Notes

Acknowledgements

This work was conducted within the framework of the CASHIMA project (Cadarache Seismic Hazard Integrated Multidisciplinary Assessment), jointly funded by the French Alternative Energies and Atomic Energy Commission (CEA), the Laue-Langevin Institute (ILL) and the International Thermonuclear Experimental Reactor (ITER) organization, and the SIGMA project (Seismic Ground Motion Assessment) funded by Electricité De France (EDF), CEA, AREVA and the Ente Nazionale per l’Energia Elettrica (ENEL). We are thankful to Christopher Berrie and to the two anonymous reviewers for their careful suggestions and corrections.

Supplementary material

10518_2017_131_MOESM1_ESM.m (43 kb)
Supplementary material 1 (M File 44 kb)

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© The Author(s) 2017

Open AccessThis article is distributed under the terms of the Creative Commons Attribution 4.0 International License (http://creativecommons.org/licenses/by/4.0/), which permits unrestricted use, distribution, and reproduction in any medium, provided you give appropriate credit to the original author(s) and the source, provide a link to the Creative Commons license, and indicate if changes were made.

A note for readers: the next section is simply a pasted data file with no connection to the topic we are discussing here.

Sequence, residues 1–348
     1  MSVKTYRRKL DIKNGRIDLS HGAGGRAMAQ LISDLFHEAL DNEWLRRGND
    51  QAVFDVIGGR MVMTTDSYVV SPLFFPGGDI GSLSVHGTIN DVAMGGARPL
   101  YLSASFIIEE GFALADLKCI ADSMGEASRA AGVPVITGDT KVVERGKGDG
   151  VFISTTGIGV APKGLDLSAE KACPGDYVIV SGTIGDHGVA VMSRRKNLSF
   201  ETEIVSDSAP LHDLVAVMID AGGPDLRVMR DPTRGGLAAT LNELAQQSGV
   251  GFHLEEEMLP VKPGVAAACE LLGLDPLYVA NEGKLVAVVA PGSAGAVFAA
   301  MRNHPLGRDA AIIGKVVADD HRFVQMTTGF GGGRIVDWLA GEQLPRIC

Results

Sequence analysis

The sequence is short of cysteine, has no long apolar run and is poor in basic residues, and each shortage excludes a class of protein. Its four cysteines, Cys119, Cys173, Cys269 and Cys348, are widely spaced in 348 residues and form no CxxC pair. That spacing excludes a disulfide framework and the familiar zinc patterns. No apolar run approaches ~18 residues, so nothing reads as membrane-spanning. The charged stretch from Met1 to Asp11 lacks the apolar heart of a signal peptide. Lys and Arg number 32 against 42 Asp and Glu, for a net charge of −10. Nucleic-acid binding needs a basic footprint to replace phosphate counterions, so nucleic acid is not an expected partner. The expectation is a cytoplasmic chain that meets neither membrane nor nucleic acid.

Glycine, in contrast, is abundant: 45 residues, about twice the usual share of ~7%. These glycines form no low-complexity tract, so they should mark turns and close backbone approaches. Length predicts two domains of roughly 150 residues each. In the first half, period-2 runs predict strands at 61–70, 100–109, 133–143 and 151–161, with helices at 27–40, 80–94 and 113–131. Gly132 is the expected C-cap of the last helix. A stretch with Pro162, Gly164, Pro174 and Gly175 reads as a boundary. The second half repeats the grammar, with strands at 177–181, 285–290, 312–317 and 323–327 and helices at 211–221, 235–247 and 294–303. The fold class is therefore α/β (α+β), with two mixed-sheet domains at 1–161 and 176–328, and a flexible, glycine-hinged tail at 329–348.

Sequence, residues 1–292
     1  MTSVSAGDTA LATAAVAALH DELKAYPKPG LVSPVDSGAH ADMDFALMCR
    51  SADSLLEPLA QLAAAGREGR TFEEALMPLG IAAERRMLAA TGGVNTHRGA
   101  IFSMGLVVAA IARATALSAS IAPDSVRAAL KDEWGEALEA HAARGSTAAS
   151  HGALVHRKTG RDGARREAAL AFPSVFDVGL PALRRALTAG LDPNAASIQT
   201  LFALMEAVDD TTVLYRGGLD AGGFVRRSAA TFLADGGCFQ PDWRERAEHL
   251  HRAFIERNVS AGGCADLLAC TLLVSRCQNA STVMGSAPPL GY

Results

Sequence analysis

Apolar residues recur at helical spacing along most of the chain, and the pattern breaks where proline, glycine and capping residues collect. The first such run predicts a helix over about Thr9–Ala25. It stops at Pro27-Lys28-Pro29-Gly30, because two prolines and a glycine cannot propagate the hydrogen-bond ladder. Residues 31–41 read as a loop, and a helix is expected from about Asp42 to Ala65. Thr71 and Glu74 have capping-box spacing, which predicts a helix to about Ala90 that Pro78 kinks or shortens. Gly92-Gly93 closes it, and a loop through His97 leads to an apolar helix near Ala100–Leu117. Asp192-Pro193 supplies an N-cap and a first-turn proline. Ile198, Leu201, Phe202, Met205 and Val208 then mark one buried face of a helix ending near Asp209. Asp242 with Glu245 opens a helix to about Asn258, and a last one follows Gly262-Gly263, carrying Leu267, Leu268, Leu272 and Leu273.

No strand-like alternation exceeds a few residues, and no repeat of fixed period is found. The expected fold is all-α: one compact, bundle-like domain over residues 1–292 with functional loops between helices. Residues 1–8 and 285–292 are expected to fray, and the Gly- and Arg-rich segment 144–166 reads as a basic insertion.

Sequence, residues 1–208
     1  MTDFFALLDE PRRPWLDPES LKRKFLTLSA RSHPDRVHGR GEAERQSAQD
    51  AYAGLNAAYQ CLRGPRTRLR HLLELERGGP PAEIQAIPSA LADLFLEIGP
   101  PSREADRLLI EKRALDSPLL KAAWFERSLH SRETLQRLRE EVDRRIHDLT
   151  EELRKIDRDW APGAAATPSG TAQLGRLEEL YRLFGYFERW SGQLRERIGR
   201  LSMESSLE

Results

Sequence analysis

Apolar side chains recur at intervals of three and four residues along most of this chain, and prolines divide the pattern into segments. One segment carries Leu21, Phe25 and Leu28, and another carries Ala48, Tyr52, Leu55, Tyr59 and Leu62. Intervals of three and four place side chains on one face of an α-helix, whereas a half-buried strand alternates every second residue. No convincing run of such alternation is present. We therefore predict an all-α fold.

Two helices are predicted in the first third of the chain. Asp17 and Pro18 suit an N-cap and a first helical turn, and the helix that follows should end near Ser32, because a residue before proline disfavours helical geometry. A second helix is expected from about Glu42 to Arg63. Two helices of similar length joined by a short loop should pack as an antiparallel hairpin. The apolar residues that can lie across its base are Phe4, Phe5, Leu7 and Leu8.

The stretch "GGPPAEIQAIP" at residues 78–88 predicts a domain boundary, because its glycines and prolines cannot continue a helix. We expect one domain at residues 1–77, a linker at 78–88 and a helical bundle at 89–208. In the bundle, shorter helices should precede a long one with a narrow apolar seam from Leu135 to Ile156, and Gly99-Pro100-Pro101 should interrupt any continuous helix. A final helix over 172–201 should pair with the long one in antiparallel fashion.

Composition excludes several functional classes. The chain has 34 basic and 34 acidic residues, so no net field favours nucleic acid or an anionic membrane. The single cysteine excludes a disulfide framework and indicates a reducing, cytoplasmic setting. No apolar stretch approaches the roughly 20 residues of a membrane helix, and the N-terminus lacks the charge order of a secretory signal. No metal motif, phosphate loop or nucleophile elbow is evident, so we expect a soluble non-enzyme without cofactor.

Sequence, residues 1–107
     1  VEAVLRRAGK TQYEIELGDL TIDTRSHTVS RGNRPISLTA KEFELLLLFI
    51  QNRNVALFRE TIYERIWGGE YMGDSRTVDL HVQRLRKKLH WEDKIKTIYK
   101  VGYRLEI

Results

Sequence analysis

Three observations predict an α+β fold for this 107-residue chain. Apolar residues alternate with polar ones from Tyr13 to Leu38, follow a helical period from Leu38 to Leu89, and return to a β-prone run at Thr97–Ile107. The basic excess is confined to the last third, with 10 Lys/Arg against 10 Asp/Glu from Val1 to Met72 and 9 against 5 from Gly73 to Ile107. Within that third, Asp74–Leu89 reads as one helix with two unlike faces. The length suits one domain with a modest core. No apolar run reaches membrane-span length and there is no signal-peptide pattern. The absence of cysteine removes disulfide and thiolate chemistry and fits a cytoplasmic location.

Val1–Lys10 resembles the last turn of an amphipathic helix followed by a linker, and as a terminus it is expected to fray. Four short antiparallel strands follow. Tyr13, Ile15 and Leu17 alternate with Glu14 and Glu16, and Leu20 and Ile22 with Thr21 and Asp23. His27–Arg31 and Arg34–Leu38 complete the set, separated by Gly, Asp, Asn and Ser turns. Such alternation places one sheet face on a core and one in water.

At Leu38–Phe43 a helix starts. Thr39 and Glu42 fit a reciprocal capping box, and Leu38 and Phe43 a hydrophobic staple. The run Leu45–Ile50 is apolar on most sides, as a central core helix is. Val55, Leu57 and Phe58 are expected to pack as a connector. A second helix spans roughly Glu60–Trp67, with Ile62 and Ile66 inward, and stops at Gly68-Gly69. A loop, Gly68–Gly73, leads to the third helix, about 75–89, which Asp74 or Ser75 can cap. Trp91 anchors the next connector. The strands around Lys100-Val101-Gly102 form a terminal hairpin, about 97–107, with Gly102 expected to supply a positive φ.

Authors and Affiliations

  1. 1.French Alternative Energies and Atomic Energy Commission (CEA), CadaracheSaint-Paul-lez-Durance CedexFrance
  2. 2.IRSN, PRP-DGE/SCAN/BERSSINFontenay-aux-RosesFrance
  3. 3.Univ. Grenoble Alpes, IFSTTAR, ISTerreGrenobleFrance
  4. 4.CEA, DAM, DIFArpajonFrance
  5. 5.EDF, CEIDRE/TEGG/SGGAix-en-ProvenceFrance
  6. 6.GEOTER, Fugro GroupAuriolFrance
  7. 7.Instituto Geofisico Escuela Politecnica NacionalQuitoEcuador